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You May Be Studying Wrong If You Don’t Know Your Learning Style

We may all know our MBTI types, our enneagram types and our astrological signs, but may not pay attention to or even know our learning styles. However, knowing your learning style is one of the most important things you can know about yourself because it will tell you how you retain information best. That’s especially important for college students because it will help guide you in how to study for any of the classes that you take. 

For those who don’t know, there are four different learning styles: visual, kinesthetic, auditory, and reading/writing. There may also be some overlap for you, meaning you could benefit from studying according to multiple learning styles. At the end of the day, though, knowing and understanding how to study based on your learning style will not only be beneficial in your college career but also for any topics that you’re interested in learning about.

Visual learners

Just like the name suggests, visual learners learn best by seeing the information that they’re learning about. Megan Callahan, who has a Masters’s degree in Secondary Education and has been a high school math teacher for six years, suggests that visual learners “create flashcards for important terms,” and that “by studying with flashcards, students are triggering their brain to recognize keywords and look for them on their tests.” They add, “Educators also recommend drawing on these flashcards or in their notes to activate the visual part of their brain.” If you’re artistic, that’s also a way to use your hobby as a way to help you study.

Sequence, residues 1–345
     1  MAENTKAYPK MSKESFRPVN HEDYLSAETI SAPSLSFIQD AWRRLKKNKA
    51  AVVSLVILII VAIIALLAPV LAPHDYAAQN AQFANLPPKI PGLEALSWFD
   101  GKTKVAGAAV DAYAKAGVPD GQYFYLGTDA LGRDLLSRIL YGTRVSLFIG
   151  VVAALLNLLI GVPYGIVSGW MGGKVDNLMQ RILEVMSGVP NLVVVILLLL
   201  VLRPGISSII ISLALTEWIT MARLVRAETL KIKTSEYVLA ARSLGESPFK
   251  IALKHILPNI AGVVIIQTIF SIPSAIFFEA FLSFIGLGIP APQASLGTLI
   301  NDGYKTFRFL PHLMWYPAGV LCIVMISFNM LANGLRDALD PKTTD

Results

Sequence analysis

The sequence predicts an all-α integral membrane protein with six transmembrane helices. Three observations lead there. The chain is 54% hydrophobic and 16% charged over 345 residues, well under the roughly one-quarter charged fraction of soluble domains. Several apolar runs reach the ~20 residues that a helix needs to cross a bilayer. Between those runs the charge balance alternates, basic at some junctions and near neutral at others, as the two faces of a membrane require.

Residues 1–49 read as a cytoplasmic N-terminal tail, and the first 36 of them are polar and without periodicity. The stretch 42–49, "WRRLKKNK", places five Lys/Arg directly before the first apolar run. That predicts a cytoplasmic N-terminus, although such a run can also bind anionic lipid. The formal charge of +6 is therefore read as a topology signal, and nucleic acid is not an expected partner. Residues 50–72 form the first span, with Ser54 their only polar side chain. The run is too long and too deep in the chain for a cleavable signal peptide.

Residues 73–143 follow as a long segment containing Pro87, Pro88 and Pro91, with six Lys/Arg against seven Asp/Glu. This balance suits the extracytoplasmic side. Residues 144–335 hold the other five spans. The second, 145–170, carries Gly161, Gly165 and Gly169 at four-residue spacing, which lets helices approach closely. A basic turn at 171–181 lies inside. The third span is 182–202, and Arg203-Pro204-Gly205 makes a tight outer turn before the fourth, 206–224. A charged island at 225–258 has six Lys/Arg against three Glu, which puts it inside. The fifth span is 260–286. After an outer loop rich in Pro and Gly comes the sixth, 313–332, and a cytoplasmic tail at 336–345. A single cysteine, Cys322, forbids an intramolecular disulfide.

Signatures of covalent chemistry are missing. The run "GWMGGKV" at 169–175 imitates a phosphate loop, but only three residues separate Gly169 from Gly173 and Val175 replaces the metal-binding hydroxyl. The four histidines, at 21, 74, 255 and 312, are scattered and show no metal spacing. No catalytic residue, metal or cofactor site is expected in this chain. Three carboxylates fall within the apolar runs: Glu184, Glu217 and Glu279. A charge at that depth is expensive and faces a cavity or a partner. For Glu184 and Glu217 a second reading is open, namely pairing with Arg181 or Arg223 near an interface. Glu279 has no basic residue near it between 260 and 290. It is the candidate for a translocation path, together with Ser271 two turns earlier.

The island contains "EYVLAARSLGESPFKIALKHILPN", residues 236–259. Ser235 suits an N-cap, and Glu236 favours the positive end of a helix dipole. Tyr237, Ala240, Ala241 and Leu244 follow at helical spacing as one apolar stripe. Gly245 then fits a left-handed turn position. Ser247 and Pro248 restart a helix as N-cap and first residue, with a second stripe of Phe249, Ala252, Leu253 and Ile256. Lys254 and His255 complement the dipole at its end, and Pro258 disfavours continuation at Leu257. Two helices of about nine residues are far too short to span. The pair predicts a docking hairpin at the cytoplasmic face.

Education counselor Johnson Adegoke recommends that visual learners “use diagrams, charts, and graphs to visualize the material, watch videos and tutorials that demonstrate the topic, and create mind maps or flowcharts to connect ideas and concepts.” A mind map is a diagram that has one main topic in the middle with subtopics and associations that branch off of the main topic. There are plenty of websites and apps that allow you to make mind maps, but I like to use coggle.it. While in college, I had a class that required me to make mind maps and I still use them today to plot out the novels that I write.